Commonly Confused Words
Confusion between loath ("unwilling or reluctant") and loathe ("to hate") is a growing trend.
What do the following sentences have in common?
But Saudi Arabia isn't the only Muslim country that seems to loath Iran.
Broadcasters are loathe to relinquish control of lucrative cable package services to third party providers.
I'm loathe to put up another Netbook, so let's try this.
Deep Down inside Bud Grant loaths the state of affairs in Minny.
All of them use either loath or loathe incorrectly and all are from trusted publications. The error is a growing trend. Garner's Modern American Usage puts this error at stage 3: "commonplace even among many well-educated people but is still avoided in careful usage."
Loath means to be unwilling or reluctant about something:
For-profit education institutions have been loath to put out that kind of information.
Coalition upper house leader David Davis was loath to speculate on the final outcome in the 40-seat Legislative Council.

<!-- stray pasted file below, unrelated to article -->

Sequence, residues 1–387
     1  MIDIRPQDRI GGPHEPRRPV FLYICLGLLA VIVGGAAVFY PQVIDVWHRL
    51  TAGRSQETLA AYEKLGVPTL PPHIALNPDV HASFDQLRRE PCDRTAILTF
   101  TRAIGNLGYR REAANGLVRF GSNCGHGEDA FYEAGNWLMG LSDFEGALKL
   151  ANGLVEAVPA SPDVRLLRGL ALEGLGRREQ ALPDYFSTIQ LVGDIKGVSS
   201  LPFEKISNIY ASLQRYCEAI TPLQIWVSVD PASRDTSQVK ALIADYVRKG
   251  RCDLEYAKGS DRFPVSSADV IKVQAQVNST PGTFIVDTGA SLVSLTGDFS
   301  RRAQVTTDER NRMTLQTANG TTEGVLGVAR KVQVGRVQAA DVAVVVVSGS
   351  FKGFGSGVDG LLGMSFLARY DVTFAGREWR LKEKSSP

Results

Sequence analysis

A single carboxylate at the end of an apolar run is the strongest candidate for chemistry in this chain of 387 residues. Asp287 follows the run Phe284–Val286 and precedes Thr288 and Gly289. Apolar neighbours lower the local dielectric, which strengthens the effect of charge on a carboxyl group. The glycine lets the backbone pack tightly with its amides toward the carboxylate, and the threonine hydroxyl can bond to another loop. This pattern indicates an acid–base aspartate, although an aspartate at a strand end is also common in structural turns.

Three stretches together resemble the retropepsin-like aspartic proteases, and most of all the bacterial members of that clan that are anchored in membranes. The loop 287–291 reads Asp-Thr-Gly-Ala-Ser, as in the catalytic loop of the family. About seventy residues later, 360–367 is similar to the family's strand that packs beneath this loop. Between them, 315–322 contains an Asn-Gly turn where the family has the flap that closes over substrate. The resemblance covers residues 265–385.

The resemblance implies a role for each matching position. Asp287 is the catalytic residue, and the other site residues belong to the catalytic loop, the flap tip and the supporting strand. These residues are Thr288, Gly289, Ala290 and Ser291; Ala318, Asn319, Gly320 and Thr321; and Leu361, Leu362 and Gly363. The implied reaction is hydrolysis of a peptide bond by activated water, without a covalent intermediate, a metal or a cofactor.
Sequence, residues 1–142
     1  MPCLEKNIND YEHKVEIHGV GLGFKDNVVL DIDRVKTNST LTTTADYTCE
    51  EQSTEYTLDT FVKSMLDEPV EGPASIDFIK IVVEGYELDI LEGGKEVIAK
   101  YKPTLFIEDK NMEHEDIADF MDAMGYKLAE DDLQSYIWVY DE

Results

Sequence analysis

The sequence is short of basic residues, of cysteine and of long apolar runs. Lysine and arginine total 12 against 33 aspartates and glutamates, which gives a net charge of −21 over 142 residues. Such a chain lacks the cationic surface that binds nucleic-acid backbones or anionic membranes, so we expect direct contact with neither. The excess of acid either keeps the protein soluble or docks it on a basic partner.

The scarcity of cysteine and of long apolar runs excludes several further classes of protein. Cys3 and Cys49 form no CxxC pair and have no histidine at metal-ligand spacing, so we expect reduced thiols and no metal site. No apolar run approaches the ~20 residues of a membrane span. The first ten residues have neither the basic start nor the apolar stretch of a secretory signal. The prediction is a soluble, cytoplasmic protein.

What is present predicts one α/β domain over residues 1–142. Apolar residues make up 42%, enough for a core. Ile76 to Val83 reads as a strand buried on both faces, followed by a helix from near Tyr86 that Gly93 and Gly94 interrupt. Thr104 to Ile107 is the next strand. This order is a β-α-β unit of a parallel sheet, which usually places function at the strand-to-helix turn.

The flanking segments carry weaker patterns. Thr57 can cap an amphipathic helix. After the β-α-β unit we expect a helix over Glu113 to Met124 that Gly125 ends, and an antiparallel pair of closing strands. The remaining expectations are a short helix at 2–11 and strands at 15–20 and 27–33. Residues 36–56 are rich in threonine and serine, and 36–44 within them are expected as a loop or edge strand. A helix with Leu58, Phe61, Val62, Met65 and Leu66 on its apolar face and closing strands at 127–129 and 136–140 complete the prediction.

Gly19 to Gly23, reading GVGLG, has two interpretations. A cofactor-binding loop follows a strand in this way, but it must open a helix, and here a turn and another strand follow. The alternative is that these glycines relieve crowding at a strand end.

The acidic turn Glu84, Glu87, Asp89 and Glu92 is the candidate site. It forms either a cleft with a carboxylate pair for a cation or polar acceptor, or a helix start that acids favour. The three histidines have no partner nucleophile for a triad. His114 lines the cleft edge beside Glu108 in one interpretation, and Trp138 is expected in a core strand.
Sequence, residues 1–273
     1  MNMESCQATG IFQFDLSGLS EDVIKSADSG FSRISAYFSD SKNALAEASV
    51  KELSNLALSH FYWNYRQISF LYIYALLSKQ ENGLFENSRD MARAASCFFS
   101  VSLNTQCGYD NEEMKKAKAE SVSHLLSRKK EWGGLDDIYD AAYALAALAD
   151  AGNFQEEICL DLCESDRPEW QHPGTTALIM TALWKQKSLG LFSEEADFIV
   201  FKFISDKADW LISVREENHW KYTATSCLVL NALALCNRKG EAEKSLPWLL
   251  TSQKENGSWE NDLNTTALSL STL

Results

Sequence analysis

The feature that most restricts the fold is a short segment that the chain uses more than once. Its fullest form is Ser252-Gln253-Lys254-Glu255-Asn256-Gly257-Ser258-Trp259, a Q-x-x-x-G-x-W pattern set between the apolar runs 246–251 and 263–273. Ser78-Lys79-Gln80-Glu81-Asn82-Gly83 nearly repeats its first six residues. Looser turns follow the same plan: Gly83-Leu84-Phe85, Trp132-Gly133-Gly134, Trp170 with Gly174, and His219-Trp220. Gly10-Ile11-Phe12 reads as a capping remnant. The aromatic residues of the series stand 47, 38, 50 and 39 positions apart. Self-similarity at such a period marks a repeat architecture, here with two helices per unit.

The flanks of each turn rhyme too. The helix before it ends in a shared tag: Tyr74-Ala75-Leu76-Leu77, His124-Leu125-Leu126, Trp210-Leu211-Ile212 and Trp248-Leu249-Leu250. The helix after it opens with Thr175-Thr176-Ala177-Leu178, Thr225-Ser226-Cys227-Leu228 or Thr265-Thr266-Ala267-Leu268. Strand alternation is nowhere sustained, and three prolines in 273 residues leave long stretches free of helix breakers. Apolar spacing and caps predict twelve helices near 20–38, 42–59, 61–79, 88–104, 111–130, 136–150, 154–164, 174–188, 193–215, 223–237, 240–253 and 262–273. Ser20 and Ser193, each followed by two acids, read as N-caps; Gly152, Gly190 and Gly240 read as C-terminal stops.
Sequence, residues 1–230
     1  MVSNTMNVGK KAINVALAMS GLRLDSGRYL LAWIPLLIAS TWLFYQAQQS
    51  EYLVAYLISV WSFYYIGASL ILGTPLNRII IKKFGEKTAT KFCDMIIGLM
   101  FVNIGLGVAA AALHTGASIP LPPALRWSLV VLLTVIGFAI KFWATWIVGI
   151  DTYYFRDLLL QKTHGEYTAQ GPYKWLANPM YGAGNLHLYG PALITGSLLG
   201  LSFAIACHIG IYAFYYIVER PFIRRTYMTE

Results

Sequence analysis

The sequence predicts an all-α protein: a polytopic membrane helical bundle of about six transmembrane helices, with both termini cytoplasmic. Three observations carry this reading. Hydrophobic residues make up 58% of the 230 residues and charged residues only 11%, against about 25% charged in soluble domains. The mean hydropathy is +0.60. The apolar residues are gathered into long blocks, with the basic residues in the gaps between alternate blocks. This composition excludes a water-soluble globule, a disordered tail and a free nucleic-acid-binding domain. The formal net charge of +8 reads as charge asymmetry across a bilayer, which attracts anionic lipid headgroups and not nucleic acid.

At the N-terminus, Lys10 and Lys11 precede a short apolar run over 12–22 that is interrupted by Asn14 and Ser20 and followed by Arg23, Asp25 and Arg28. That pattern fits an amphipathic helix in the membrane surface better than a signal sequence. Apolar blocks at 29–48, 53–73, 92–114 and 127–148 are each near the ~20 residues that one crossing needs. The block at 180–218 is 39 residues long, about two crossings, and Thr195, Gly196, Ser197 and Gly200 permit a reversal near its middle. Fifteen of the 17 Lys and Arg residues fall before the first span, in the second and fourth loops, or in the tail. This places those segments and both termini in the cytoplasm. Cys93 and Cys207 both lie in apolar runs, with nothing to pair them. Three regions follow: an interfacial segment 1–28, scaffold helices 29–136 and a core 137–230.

Loathe, on the other hand, means to strongly dislike someone or something or find it disgusting:
Love it or loathe it, there's no denying that the holiday season is upon us.
And if voters in general dislike Obamacare, Republican voters positively loathe it.
When it comes to loath and loathe, choose your words with care and avoid a common error.
If you are loath to do something, you really don't want to do it. If you are reluctant to go swimming, people will say you are loath to swim — but if they are really mean, they might throw you in the pool anyway. Continue reading...
If you loathe someone or something, you hate them very much. You might not choose to eat raw carrots if you dislike them, but if you loathe them, you might have a hard time even having them on your plate. Continue reading...